Service Learning Types



The following list gives a sense of the many ways students can apply instruction and practice needed skills through helping others. Full-scale projects include formal linkages with coursework, and part of the student grade is tied to the service-learning activities. Note that different types of projects have students apply different skills.

Direct Service-Learning: person-to-person, face-to-face service projects in which the students’ service directly impacts individuals who receive the service from the students. Examples include:

• Tutoring other students and adults

• Conducting art/music/dance lessons for younger students

• Helping other students resolve conflict

• Giving performances on violence and drug prevention

• Creating lessons and presenting them to younger students

• Creating life reviews for Hospice patients

Impact on/skills practiced by servers include the following: caring for others, personal responsibility, dependability, interpersonal skills, ability to get along with others who are different, problem-solving, beginning-to-end, big-picture learning.

Indirect Service-Learning: working on broad issues, environmental projects, community development-projects that have clear benefits to the community or environment, but not necessarily to individual identified people with whom the students are working. Examples include:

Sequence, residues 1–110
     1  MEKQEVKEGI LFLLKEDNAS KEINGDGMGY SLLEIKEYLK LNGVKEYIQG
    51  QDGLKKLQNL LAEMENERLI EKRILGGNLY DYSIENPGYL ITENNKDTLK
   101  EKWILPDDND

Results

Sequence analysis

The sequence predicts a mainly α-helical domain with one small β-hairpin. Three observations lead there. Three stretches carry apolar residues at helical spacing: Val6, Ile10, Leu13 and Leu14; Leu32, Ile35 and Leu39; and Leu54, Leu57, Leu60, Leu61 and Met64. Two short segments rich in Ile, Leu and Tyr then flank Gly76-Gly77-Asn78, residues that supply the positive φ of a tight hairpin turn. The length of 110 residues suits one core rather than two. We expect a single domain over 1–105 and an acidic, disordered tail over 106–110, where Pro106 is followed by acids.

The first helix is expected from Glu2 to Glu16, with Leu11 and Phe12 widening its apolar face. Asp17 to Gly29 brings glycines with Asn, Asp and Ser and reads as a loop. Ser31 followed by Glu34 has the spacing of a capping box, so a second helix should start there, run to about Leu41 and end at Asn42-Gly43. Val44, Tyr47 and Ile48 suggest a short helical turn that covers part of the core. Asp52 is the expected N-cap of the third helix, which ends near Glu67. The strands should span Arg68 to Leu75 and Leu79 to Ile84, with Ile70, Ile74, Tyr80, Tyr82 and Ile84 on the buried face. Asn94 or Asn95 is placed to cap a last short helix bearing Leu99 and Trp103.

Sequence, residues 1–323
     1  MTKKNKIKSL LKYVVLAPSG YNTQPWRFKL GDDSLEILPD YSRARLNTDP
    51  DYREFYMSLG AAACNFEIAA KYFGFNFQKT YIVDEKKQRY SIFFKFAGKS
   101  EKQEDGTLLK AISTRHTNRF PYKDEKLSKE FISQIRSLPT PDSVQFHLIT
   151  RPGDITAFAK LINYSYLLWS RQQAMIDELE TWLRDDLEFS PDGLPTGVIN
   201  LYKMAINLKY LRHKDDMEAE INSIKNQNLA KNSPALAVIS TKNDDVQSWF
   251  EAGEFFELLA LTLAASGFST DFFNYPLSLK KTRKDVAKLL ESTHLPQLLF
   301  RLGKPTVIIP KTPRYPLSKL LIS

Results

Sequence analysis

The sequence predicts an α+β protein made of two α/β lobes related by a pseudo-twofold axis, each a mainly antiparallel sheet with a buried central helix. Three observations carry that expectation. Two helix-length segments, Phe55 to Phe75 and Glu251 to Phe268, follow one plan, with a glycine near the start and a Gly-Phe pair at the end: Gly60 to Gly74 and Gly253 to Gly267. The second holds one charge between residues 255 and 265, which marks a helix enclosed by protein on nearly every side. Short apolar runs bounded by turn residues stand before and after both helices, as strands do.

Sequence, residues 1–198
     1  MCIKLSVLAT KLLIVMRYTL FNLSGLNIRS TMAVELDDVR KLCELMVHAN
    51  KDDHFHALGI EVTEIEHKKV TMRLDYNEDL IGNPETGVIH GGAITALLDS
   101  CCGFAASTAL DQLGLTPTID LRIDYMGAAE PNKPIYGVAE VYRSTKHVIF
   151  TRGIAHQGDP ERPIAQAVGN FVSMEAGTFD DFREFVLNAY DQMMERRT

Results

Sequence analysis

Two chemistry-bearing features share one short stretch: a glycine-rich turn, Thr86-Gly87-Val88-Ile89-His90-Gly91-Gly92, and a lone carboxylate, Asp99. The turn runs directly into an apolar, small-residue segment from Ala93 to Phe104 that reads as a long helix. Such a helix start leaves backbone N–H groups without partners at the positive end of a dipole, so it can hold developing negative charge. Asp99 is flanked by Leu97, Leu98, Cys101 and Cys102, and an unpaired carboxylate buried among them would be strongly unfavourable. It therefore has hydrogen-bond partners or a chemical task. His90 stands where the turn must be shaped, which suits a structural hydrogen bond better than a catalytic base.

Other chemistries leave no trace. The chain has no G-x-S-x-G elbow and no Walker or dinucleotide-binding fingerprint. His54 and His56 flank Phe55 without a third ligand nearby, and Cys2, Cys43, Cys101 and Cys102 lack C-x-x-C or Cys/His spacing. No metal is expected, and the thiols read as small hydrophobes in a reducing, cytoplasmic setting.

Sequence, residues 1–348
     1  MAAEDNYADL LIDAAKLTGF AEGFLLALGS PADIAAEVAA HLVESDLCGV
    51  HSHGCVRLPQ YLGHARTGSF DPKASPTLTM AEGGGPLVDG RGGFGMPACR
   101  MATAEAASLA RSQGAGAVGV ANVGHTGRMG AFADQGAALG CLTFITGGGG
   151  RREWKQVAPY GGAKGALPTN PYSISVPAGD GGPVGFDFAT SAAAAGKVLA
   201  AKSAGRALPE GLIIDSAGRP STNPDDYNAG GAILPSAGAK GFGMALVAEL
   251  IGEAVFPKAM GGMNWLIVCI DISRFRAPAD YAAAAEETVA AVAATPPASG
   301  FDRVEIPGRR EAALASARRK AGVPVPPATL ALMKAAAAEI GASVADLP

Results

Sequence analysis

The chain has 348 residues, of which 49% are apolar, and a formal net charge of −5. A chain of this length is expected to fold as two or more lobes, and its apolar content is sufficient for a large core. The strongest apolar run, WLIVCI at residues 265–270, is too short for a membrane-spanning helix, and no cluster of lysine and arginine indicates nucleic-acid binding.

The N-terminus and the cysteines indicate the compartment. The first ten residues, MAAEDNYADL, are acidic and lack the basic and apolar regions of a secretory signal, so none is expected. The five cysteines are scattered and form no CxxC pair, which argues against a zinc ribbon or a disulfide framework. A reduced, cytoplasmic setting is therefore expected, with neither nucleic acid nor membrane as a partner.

• Compiling a town history

• Restoring historic structures or building low-income housing

• Removing exotic plants and restoring ecosystems, preparing preserve areas for public use

Impact on/skills practiced by servers include the following: cooperation, teamwork skills, playing different roles, organizing, prioritizing, project-specific skills.

Research-Based Service-Learning: gathering and presenting information on areas of interest and need–projects that find, gather, and report on information that is needed. Examples include:

• Writing a guide on available community services and translating it into Spanish and other languages of new residents

• Conducting longitudinal studies of local bodies of water; water testing for local residents

• Gathering information and creating brochures or videos for non-profit or government agencies

• Mapping state lands and monitoring flora and fauna

• Conducting surveys, studies, evaluations, experiments, interviews, etc.

Impact on/skills practiced by servers include the following: learn how to learn/get answers/find information, make discriminating judgments, work systematically, organizational skills, learn how to assess, evaluate, and test hypotheses.

Advocacy Service-Learning: educating others about topics of public interest – projects that aim to create awareness and action on some issue that is in the public interest. Examples include:

• Planning and putting on public forums on topics of interest in the community

• Conducting public information campaigns on topics of interest or local needs

• Working with elected officials to draft legislation to improve communities

• Training the community in fire safety or disaster preparation

Impact on/skills practiced by servers include the following: perseverance; understanding rules, systems, processes; engaged citizenship, working with adults.

National Service-Learning Clearinghouse, Retrieved, February 25, 2013